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Reputational Effectiveness in Cross-Functional Working Relationships

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Abstract:

The work of innovation management involves cross-functional coordination among specialists and managers with different work orientations, time horizons, professional backgrounds, and values ( Ford and Randolph, 1992).

While strong connections across functions are critical for new product development success ( Green et al., 2000), some managers may be more adept at fostering effective cross-functional relationships than others. In this article, the authors empirically examine the factors that distinguish reputationally effective innovation workers from their less effective peers. Drawing on the work of Tsui (1984, 1994), reputational effectiveness is defined as the degree to which a manager has been responsive to the needs and expectations of constituents. This research examines the relational skills and interaction patterns of more (versus less) reputationally effective managers.

A large business unit of a Fortune 500 telecommunications firm provided the context for our study. Using a two-phase approach, the authors first captured the social network patterns of 268 managers from marketing, research and development (R&D), manufacturing, and other business functions that were involved in the new product development process. In addition, the reputational effectiveness of each person who was identified as a member of the network was measured. In the second phase, the authors examined the relational competencies (e.g., role-taking ability, interpersonal control, openness) of the managers who participated in Phase I of the research.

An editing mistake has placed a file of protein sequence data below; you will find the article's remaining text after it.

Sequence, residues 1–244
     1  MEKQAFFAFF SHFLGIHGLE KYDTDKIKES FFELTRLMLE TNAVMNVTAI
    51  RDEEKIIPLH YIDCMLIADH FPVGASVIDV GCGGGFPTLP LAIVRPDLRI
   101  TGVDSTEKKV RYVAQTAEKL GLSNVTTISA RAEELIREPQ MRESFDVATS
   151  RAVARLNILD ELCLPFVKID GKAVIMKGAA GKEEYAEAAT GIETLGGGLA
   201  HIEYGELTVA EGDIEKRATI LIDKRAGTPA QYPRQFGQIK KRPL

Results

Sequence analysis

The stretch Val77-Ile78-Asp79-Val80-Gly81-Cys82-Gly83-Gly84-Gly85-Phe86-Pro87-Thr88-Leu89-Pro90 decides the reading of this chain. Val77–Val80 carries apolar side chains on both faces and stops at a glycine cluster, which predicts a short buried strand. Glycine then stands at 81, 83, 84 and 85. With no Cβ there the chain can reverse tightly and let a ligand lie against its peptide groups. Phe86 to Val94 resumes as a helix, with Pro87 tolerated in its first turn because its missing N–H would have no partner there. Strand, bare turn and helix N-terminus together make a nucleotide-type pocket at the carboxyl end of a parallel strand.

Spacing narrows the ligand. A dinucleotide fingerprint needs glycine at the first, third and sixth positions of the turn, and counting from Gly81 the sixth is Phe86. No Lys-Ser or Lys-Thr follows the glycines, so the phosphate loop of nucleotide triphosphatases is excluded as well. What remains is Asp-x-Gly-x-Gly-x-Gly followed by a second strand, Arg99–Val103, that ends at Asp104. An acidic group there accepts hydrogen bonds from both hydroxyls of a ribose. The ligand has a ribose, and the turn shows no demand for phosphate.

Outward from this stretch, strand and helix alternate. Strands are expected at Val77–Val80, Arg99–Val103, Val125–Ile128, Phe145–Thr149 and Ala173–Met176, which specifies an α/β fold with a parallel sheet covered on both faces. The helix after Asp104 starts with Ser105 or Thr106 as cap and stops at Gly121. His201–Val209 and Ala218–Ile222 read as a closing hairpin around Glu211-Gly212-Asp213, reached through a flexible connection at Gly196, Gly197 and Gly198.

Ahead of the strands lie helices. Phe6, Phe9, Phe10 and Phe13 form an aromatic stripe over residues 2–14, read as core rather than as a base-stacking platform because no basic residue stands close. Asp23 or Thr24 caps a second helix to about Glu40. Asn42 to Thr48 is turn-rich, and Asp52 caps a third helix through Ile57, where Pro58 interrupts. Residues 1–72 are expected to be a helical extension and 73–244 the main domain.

As predicted, the results indicate that role-taking ability is related positively to a manager's reputational effectiveness. No support, however, was found for the relationship between interpersonal control and reputational effectiveness. Interestingly, the authors found evidence of an inverse relationship between openness and effectiveness. By sharing too much information—or alternatively information that does not relate to the task at hand—the reputational effectiveness of a manager is damaged. Importantly, the results reveal that the social network characteristics of a reputationally effective manager differ from those of less effective managers. Closeness centrality, a measure of the degree of access one has to other organizational members, was associated strongly with reputational effectiveness. The results demonstrate that managers who are successful in working across functions appreciate the cognitive and emotional perspectives of diverse constituents and develop relationship ties that provide them with ready access to others across the organization.

Document Type: Research Article

DOI: http://dx.doi.org/10.1111/j.0737-6782.2004.00053.x

Publication date: January 1, 2004

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